Comedian James Davis frames his new Comedy Central show Hood Adjacent as a guide to black culture, whether he’s breaking down the uses of the N word or trying to increase his appreciation for chitlins. It’s a good showcase for him: He frames taped segments with bits of his standup comedy in front of a studio audience.
Davis explains the show’s title in the premiere on Wednesday night. He tells us he grew up near, but not in, the South Central L.A. neighborhood made world-famous by rappers. “I’m not ’hood,” he explains. “I’m hood-adjacent.” In one of the opener’s taped pieces, he goes deep into South Central to try to earn a “hood pass,” but that’s not the best display of what Davis can do with this show. Two other segments are richer in both humor and social observation. In one, he gathers a group of friends plus his uncle to eat chitlins — “soul food,” as he puts it, that he has thus far in his life failed to enjoy.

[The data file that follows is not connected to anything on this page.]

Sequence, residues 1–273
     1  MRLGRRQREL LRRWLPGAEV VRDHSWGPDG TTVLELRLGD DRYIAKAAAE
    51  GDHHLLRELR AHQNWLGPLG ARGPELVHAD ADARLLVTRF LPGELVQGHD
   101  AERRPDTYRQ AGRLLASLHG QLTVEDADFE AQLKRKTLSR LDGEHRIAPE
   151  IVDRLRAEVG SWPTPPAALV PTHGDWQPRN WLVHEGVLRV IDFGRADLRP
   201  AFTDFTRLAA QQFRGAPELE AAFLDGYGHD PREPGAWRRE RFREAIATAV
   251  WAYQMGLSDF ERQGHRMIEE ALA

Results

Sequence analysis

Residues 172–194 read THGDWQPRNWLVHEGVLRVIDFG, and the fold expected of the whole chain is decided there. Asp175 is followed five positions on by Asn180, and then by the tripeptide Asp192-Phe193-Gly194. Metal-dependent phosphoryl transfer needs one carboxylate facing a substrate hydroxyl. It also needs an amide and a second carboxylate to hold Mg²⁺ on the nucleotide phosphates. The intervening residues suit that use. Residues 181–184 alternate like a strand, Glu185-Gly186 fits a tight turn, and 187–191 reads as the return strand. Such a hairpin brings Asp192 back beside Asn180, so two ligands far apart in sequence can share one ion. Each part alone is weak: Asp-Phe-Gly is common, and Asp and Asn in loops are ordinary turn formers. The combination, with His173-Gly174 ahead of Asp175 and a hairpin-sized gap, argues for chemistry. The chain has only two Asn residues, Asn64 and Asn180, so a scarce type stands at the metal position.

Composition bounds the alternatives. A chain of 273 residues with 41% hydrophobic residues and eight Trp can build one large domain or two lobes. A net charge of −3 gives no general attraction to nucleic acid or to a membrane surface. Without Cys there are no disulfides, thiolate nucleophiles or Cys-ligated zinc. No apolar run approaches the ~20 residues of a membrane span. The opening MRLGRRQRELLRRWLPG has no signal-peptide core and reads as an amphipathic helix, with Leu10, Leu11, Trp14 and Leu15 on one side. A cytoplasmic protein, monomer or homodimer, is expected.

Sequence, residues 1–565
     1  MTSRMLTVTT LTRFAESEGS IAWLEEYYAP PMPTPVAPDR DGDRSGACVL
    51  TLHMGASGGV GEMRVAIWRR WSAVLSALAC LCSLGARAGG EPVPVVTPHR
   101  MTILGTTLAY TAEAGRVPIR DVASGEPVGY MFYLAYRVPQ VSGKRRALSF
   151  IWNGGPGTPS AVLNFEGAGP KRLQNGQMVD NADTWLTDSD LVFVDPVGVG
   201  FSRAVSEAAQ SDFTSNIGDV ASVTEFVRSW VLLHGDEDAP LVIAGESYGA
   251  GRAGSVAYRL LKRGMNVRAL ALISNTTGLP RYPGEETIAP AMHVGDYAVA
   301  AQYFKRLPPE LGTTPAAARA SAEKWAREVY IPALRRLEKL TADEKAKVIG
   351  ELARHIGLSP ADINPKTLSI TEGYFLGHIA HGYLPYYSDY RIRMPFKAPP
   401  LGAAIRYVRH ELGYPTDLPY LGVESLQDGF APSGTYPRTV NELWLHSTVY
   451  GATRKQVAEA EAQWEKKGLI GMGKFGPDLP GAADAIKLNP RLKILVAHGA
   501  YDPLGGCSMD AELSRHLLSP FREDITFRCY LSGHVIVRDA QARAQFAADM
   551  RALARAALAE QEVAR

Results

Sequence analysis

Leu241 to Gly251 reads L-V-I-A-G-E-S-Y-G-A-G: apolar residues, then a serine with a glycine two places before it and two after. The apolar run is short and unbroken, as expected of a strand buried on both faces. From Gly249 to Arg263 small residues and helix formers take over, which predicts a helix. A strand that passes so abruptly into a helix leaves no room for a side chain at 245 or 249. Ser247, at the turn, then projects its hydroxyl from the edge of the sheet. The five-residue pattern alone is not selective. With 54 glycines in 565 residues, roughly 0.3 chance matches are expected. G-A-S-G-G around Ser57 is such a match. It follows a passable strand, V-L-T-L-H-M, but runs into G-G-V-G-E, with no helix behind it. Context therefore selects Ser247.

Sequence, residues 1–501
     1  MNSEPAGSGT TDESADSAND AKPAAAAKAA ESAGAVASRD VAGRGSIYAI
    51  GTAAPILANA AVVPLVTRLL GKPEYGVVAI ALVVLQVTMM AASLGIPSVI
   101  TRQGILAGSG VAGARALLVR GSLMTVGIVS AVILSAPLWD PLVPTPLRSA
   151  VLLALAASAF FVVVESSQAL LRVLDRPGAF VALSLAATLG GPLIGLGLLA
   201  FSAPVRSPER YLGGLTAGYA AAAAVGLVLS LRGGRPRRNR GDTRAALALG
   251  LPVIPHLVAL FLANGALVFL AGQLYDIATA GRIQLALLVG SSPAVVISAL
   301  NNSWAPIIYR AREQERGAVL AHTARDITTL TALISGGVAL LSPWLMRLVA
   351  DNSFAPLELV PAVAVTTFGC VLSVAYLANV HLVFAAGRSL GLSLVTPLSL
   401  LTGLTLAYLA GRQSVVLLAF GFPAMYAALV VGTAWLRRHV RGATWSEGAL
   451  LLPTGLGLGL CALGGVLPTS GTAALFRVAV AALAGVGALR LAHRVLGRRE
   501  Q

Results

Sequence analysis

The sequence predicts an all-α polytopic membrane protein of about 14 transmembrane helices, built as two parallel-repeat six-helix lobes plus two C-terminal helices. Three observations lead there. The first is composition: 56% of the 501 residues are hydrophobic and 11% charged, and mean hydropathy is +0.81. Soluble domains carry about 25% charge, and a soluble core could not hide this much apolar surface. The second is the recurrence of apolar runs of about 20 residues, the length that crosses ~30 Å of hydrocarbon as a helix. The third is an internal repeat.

In another bit, Davis gives his take on why he believes “The Star Spangled Banner” is “the whitest song of all time” — beating even Journey’s “Don’t Stop Believin’.” I was not familiar with what Davis calls the “racist third verse” of the song, and his research into the life of song composer Francis Scott Key is, alas, all too informative. What could have been a grim exploration of yet another example of our racist history gets a laugh-lift at the end, when Davis presents a music video offering a trap-music version of the national anthem.
In the coming weeks, Davis will present themed episodes about black activism (he prefers the term “blacktivism”) and black college life, both of them simultaneously funny and enlightening to white viewers like me. Davis is a charming guy with a lot to say.
Hood Adjacent with James Davis airs Wednesdays at 9 p.m. on Comedy Central.
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